Use a proof by contradiction. Assume that and show that there exists another rational with . This contradicts the assertion that is the infimum of the set.
Spoiler:
Once you have constructed such a , you will probably be able to use the same technique to prove that there is no rational that is the supremum of the complement of the given set, thus proving that is irrational.
The problem's claim is false, because .
For example, , and , so ,
and thus , and so . So it's just false that .
Of course, since negative infinity isn't a number, even what I wrote isn't correct - but you see the problem. (If you define the arithmetic of the extended reals (extended to plus and minus infinity) in the natural way, then what I wrote is ok.)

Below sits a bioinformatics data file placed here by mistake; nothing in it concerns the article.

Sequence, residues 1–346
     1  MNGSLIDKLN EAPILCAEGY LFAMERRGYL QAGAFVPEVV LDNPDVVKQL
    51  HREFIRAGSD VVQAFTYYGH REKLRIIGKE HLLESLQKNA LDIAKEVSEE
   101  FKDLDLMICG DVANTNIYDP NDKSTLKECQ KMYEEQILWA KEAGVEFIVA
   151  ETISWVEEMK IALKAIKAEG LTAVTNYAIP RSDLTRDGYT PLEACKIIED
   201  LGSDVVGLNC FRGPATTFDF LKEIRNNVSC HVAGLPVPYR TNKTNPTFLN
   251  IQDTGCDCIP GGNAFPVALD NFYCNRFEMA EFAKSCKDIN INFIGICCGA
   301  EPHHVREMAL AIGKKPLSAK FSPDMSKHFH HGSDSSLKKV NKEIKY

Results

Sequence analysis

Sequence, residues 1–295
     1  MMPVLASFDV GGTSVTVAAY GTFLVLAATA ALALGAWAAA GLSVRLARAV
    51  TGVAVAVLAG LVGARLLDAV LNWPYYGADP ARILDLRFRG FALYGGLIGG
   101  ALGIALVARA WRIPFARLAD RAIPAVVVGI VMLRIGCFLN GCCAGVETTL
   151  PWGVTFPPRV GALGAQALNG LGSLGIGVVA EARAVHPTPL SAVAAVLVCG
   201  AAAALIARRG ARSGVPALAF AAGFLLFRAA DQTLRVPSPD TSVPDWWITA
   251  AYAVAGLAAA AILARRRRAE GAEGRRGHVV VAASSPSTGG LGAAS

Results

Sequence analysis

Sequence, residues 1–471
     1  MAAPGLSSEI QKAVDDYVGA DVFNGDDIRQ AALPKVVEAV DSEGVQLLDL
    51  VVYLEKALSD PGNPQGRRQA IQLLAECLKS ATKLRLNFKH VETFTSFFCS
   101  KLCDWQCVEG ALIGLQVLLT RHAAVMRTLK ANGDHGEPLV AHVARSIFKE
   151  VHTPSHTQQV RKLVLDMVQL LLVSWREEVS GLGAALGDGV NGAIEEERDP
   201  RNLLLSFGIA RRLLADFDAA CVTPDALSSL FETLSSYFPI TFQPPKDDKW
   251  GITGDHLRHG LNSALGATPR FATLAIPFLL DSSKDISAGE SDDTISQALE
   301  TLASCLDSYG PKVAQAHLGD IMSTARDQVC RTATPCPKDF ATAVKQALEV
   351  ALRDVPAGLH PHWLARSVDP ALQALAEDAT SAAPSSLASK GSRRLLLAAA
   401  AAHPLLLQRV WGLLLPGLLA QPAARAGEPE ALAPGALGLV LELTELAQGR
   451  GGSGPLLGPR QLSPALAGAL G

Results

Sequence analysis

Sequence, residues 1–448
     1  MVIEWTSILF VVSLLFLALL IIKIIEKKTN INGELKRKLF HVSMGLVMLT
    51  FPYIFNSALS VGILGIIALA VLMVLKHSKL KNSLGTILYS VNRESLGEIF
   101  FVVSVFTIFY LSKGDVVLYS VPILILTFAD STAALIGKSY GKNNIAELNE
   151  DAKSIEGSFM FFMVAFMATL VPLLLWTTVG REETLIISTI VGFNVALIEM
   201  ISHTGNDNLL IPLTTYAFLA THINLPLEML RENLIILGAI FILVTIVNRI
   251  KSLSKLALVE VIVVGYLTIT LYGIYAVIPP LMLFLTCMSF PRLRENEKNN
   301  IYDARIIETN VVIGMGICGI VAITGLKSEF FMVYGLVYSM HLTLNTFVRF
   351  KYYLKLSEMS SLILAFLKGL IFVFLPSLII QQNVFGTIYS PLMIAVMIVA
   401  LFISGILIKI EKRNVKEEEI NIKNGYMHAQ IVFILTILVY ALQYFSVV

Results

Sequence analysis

I suspect what was intended was one of these:
Let . Prove . (It will be that .)
or (basically equivalently)
Let . Prove . (It will be that .)
or (this is the easiest to prove)
Let . Prove . (It will be that .)
or (less likely)
Let . Prove . (It will be that .)
or (much less likely, since here s won't be real number, and this isn't finding the square root of 3 via real number completeness)
Let . Prove . (It will be that .)